Guiry, M.D. & Guiry, G.M. (2024). AlgaeBase. World-wide electronic publication, National University of Ireland, Galway (taxonomic information republished from AlgaeBase with permission of M.D. Guiry). Alexandrium tamarense (Lebour) Balech, 1995. Accessed through: World Register of Marine Species at: https://www.marinespecies.org/aphia.php?p=taxdetails&id=109714 on 2024-06-17
Date
action
by
2004-12-21 15:54:05Z
created
2006-07-27 06:59:07Z
changed
Camba Reu, Cibran
2008-03-27 13:16:17Z
checked
2010-10-27 09:50:34Z
changed
2015-01-28 10:01:15Z
changed
2015-06-26 12:00:51Z
changed
2019-07-15 06:34:10Z
changed

Copyright notice: the information originating from AlgaeBase may not be downloaded or replicated by any means, without the written permission of the copyright owner (generally AlgaeBase). Fair usage of data in scientific publications is permitted.


original description  (of Gonyaulax tamarensis Lebour, 1925) Lebour, M.V. (1925). The Dinoflagellates of Northern Seas. <em>The Marine Biological Association of the United Kingdom.</em> 250 pp. [details]  Available for editors  PDF available [request] 

basis of record Guiry, M.D. & Guiry, G.M. (2024). AlgaeBase. <em>World-wide electronic publication, National University of Ireland, Galway.</em> searched on YYYY-MM-DD., available online at http://www.algaebase.org [details]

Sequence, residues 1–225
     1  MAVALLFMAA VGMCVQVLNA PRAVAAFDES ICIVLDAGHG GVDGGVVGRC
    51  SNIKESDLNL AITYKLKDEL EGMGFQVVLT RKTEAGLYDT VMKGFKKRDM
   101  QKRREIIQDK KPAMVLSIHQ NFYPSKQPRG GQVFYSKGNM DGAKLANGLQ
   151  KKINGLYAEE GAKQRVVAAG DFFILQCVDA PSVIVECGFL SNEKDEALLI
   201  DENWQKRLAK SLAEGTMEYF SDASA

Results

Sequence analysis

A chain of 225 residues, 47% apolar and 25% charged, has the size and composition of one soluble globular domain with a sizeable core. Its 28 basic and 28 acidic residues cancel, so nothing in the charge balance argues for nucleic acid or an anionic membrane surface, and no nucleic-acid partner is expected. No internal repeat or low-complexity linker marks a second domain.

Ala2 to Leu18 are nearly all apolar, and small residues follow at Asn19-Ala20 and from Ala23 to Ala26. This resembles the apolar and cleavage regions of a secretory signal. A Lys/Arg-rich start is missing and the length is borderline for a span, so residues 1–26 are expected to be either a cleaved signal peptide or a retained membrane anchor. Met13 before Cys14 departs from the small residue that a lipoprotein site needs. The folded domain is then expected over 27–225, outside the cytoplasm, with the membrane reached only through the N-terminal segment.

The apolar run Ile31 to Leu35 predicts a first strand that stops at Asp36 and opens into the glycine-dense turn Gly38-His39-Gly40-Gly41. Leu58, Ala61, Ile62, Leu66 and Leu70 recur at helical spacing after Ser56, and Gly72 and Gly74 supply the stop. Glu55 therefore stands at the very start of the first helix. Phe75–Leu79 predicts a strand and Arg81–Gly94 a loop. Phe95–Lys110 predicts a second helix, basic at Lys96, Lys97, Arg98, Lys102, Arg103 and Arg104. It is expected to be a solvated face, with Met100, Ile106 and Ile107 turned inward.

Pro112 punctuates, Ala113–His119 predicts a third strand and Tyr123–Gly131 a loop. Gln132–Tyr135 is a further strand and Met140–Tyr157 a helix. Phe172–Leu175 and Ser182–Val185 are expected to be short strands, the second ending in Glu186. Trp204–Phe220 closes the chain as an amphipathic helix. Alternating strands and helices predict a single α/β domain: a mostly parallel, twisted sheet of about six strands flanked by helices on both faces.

basis of record Gómez, F. (2005). A list of free-living dinoflagellate species in the world's oceans. <em>Acta Bot. Croat.</em> 64(1): 129-212. [details]  OpenAccess publication 

additional source Orr, R. J.; Stüken, A.; Rundberget, T.; Eikrem, W.; Jakobsen, K. S. (2011). Improved phylogenetic resolution of toxic and non-toxic <i>Alexandrium</i> strains using a concatenated rDNA approach. <em>Harmful Algae.</em> 10(6): 676-688., available online at https://doi.org/10.1016/j.hal.2011.05.003 [details]   

additional source Balech, E. (2002). Dinoflagelados tecados tóxicos en el Cono Sur Americano. <em>In: Sar, E.A., Ferrario, M.E. & Reguera, B. (Eds.). Floraciones Algales Nocivas en el Cono Sur Americano. Instituto Español de Oceanografía.</em> pp. 123-144. [details]  Available for editors  PDF available [request] 

additional source Higman, W. A.; Stone, D. M.; Lewis, J. M. (2001). Sequence comparisons of toxic and non-toxic <i>Alexandrium tamarense</i> (Dinophyceae) isolates from UK waters. <em>Phycologia.</em> 40(3): 256-262., available online at https://doi.org/10.2216/i0031-8884-40-3-256.1 [details]   

additional source Zou, C.; Ye, R.-M.; Zheng, J.-W.; Luo, Z.-H.; Gu, H.-F.; Yang, W.-D.; Li, H.-Y.; Liu, J.-S. (2014). Molecular phylogeny and PSP toxin profile of the <i>Alexandrium tamarense</i> species complex along the coast of China. <em>Marine Pollution Bulletin.</em> 89(1-2): 209-219., available online at https://doi.org/10.1016/j.marpolbul.2014.09.056 [details]   

additional source Guiry, M.D. & Guiry, G.M. (2024). AlgaeBase. <em>World-wide electronic publication, National University of Ireland, Galway.</em> searched on YYYY-MM-DD., available online at http://www.algaebase.org [details]   

additional source Tomas, C.R. (Ed.). (1997). Identifying marine phytoplankton. Academic Press: San Diego, CA [etc.] (USA). ISBN 0-12-693018-X. XV, 858 pp., available online at http://www.sciencedirect.com/science/book/9780126930184 [details]